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A Place to call Home

At some point, many parents hear their young adults say ‘I want a place of my own’.  And, they will gladly encourage them to spread their wings and fly – as this is what they have been preparing them for all these years. But, for a parent of an individual with disabilities, this can be concerning. Their minds become all too consumed with thoughts and fears.
Who will remind her to take her medication? Who will help him remember that only dark clothes go with dark clothes in the laundry, to bathe daily and to practice good hygiene? What if the stove is left on? How will she get up for her day service program because she is a deep sleeper? Will he get his own room because he needs to have quiet space? Will she be lonely?
Then, there are the aging parents asking, ‘who will be there for my child when I no longer am able.’
There are many unanswered questions in their minds!
The good news is there are many options for the individual as they approach this rite of passage. For this blog, let’s focus on the smaller group home setting typically accommodating six to eight persons.
In this type of setting, there is always someone there to oversee the day-to-day activities of life to ensure a safe, secure and productive environment. The team helps manage appointments, medication, transportation, and finances with a lot of guidance or just a little. What does this really look like for the individual calling it home?
A Place called Home:
Just like you and I have a home, this is the person’s home in the community. There’s a kitchen, dining room, living room, bedrooms, a laundry room, and utility room. Decorated and designed to suit the persons’ tastes. Like our home, there are rules and it often involves compromise generating continuity of those living together.
A desire to be a part of something bigger than themselves often leads a person to seek living independently with other roommates. It’s not uncommon to hear persons with disabilities say they feel isolated with no opportunity to develop relationships. Many loved ones feel they are protecting the person by keeping them at home while in retrospect it can be more damaging than one could imagine.
Living in a home with other individuals provides a network of support, and an opportunity for friendship often promoting more independence.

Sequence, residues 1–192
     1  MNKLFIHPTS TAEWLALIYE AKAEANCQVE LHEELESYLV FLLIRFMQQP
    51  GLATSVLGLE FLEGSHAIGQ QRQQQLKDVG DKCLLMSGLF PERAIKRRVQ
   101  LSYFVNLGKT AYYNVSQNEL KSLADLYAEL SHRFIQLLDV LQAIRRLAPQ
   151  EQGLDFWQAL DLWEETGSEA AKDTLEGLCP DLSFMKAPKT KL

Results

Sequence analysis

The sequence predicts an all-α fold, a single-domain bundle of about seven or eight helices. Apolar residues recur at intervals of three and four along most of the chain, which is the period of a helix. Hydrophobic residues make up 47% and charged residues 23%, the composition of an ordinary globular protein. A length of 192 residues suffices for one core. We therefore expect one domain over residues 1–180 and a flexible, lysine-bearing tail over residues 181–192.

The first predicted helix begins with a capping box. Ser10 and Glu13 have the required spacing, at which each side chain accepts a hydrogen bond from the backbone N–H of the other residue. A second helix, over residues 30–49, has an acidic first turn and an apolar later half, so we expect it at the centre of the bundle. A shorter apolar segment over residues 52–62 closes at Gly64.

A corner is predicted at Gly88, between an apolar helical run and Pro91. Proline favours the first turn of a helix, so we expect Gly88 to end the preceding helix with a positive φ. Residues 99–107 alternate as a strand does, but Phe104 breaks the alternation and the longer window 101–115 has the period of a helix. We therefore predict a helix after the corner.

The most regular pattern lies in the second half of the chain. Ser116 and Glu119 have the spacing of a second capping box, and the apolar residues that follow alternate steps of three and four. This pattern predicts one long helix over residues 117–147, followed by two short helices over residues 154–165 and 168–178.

As with any home, there are tasks and chores. All individuals help with housekeeping chores based on their capabilities, and the team assists as appropriate. From planning the day’s meals and prepping them to clearing the dining room table and loading the dishwasher, there are responsibilities that come with living in your own home and individuals experience satisfaction in caring for their own home.
We all have hobbies and leisure activities that bring us joy! In a smaller group home setting, the opportunity to experience the pleasures that bring joy is much more readily available. Whether it’s attending a baseball game, going to the movies, gardening or sitting in the warm sun on the patio, individuals get to choose the activities in which they participate and/or plan their own calendar.
Whether it’s working at a place of business in the community, taking classes, attending a day service program or volunteering at a non-profit, each individual has the opportunity to explore their interests and then will be given the tools to pursue.
Safe and Secure
Moving into a group home provides the individual and often loved ones with the needed reassurance that there will be help and guidance, as well as round the clock supervision to maintain a safe and secure environment where certain aspects of daily living are overseen.
In a nutshell, these are just a few of the many benefits of living in a smaller home setting for individuals with disabilities. There are many organizations that offer this program and service model, but it is important to make sure whichever home you choose is where the person or the loved one will feel safe, secure and dignified.
Echoing Hills provides homes for individuals with intellectual and/or developmental disabilities all over the state of Ohio. By using person-centered practices and ensuring that the values of choice, dignity, fulfillment, and relationship are practiced, Echoing Hills provides safe and comfortable homes where individuals can practice self-advocacy and personal growth. To learn more, visit

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